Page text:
ways, but this is something that the whole royal family has really got behind since the war really broke out. We've heard King Charles also speak

very strongly in support of Ukraine.

So, a slightly different message from the monarchy as we know it now, as opposed to under the Queen, but interesting to see him out there and then

were able to report it, Isa, once he got back here in Warsaw where he is tonight.

SOARES: He also met, from what I understand, Max, correct me if I'm wrong, with those who've been displaced, of course, the thousands upon thousands

of Ukrainians, of course, who have left their homeland. What was that like? That must have been incredibly moving.

FOSTER: Yes. So it's interesting when you're here. I mean, I haven't been here before and I was walking along with my producer Antonia, he was

describing how actually every other conversation you hear is in Ukrainian, very similar to Polish and they're fully integrated into the society. And I

think William was really interested in how Poland continues to support Ukrainians.

So he went to see this accommodation center set up for Ukrainians who didn't manage to get homes with local families. Lots of local families have

taken Ukrainians in and they are given training on how to get jobs, they are given language training and Ukrainians are given full access to public

services here, to schools and to hospitals.

So he's really trying to highlight how Poland continues to support Ukrainians. That isn't just a Polish effort, it's actually something that

they're effectively doing to the west. He's going to speak to the president, President Duda, tomorrow and really express his gratitude for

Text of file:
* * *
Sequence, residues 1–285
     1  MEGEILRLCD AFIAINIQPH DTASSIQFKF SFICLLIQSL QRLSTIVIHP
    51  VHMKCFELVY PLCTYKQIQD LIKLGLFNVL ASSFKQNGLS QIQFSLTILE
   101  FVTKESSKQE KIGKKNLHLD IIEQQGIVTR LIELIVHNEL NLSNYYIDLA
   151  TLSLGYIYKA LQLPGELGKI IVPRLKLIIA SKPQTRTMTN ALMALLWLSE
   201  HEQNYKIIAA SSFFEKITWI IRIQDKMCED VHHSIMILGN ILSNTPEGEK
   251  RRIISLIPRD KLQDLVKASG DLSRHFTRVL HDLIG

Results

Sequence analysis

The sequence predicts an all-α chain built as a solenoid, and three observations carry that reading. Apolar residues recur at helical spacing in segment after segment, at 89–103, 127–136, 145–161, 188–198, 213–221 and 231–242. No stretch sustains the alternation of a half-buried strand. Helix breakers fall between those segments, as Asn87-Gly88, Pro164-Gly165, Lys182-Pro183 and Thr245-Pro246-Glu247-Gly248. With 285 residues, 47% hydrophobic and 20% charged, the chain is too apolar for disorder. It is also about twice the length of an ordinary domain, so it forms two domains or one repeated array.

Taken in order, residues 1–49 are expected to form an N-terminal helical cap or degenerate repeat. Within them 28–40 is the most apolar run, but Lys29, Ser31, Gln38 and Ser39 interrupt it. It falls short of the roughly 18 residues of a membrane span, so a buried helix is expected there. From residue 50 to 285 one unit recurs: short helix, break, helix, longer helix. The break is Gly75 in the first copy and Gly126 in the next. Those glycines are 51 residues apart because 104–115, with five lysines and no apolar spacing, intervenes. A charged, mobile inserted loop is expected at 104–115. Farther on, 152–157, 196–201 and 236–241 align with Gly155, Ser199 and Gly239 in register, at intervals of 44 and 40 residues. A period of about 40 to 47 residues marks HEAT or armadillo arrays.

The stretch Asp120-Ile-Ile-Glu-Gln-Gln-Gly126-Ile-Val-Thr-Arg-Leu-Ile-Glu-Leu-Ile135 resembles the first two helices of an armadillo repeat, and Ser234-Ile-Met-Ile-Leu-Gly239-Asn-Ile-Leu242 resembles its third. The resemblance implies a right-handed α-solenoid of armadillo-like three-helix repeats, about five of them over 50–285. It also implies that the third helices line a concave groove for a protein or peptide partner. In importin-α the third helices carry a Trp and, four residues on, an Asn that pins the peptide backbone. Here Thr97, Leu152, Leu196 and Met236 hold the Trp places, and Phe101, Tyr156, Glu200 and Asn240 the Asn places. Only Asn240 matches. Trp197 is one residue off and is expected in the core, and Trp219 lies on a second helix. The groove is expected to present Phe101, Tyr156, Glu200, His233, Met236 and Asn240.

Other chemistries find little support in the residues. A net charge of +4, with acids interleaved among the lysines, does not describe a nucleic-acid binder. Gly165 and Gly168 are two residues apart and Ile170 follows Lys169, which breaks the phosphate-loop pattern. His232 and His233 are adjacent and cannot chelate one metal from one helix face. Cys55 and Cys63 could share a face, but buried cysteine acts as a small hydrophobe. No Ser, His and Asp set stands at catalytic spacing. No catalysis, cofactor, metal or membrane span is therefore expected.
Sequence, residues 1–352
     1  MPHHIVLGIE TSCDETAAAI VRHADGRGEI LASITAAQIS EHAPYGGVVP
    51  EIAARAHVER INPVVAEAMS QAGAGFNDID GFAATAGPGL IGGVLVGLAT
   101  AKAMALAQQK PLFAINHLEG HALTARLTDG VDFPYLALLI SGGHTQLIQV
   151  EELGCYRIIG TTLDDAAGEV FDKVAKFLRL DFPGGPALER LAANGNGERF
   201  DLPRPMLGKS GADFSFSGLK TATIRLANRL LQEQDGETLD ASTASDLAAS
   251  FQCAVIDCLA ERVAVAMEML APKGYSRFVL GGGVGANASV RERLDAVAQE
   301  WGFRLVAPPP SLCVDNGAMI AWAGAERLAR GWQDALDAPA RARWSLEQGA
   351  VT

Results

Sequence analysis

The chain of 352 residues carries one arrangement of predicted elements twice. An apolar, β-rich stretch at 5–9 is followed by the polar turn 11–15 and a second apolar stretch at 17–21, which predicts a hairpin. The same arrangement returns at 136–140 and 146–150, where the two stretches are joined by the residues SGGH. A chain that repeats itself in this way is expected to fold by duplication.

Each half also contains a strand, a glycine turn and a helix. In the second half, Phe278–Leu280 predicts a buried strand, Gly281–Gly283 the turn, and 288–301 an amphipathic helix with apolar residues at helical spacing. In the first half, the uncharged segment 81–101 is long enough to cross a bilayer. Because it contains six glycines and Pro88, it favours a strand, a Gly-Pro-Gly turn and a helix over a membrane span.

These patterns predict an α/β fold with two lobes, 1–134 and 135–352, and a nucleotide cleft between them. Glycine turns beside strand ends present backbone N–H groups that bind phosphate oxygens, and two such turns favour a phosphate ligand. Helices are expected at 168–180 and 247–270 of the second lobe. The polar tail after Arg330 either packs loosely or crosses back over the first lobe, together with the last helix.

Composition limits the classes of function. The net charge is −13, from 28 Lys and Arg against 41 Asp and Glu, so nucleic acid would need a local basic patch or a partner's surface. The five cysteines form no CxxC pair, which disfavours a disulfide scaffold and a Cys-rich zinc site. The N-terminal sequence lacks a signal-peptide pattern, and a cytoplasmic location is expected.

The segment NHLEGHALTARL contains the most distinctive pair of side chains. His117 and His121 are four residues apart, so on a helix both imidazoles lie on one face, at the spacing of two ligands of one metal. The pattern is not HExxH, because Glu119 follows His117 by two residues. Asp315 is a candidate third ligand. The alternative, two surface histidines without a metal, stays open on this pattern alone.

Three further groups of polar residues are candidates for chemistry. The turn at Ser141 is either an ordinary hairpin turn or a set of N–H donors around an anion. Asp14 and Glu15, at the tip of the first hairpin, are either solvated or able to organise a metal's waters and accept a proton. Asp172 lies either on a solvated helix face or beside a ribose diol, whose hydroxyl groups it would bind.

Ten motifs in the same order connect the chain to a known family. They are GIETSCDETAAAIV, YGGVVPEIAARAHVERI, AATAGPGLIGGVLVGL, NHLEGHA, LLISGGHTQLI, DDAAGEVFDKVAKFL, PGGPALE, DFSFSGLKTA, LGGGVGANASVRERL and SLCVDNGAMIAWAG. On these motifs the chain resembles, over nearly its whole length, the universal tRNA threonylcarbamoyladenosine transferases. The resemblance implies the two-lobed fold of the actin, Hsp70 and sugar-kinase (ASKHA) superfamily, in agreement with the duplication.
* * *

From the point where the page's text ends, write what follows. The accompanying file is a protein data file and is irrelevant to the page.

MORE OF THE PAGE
everything that Poland is doing.

So, it's interesting how he's presenting himself now on the international stage. Isa.

SOARES: Yes much more open and to talk, at least open politically. Max Foster, great to see you. And also send my love to Antonia. I appreciate


Now, speculation still swirling over if and when former U.S. President Donald Trump may be criminally charged in New York. The grand jury

investigating his alleged role in a hush money scheme is not meeting today. One source says the district attorney has suggested they may need, in fact,

to him, more testimony, while other sources tell CNN prosecutors are taking a moment to regroup.

Let's bring in CNN Stephen Collinson in Washington to help us digest all of this. Excuse me. So, Stephen, what is your analysis then, of what is

unfolding or expected to unfold in New York on the hush money investigation? First of all, how likely is that Trump will be indicted


STEPHEN COLLINSON, CNN POLITICS SENIOR REPORTER: Well, I think we're in a state in Washington of almost friends in limbo with the former president

himself raised the prospect that he could be arrested yesterday over the weekend. Ever since then, speculation has been swirling.